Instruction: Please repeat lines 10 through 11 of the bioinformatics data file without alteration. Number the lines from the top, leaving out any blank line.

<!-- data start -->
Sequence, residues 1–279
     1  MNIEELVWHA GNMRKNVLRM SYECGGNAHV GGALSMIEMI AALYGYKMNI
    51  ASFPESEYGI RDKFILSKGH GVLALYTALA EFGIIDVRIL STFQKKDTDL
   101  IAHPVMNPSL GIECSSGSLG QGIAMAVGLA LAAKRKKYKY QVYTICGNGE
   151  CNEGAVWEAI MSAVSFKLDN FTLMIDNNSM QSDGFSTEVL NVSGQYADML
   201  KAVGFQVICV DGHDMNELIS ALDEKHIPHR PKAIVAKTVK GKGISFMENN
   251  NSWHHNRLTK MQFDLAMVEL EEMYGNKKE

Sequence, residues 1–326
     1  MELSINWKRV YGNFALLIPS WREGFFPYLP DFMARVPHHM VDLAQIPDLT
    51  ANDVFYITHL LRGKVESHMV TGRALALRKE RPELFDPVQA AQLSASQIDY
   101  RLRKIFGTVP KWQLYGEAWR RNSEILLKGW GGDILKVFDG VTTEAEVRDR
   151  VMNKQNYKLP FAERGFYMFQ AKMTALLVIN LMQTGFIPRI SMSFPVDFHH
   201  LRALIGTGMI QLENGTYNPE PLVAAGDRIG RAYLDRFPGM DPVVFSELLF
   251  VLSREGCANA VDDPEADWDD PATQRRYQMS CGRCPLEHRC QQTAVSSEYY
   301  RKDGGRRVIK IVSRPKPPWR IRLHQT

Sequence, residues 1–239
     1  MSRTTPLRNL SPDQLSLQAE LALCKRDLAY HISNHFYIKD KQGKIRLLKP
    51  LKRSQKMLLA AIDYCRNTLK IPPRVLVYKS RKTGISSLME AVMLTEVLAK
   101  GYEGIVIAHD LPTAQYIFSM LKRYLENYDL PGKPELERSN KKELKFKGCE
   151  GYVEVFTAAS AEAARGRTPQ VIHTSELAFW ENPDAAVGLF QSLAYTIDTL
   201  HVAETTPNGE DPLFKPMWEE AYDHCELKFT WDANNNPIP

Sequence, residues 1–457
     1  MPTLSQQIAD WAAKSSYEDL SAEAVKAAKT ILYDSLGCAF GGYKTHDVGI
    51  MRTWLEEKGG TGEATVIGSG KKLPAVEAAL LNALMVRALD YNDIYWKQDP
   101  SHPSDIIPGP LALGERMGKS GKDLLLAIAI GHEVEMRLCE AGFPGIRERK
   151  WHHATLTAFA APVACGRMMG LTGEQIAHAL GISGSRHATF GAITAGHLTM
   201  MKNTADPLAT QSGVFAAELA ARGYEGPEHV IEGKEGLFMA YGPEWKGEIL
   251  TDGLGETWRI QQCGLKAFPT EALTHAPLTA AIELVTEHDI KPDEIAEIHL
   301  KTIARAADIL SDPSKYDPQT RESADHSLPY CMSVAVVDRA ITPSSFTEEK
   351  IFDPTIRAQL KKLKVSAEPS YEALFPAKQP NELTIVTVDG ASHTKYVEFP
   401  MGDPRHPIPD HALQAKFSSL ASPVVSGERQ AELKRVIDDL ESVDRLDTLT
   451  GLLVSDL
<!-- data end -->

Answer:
    51  ANDVFYITHL LRGKVESHMV TGRALALRKE RPELFDPVQA AQLSASQIDY
   101  RLRKIFGTVP KWQLYGEAWR RNSEILLKGW GGDILKVFDG VTTEAEVRDR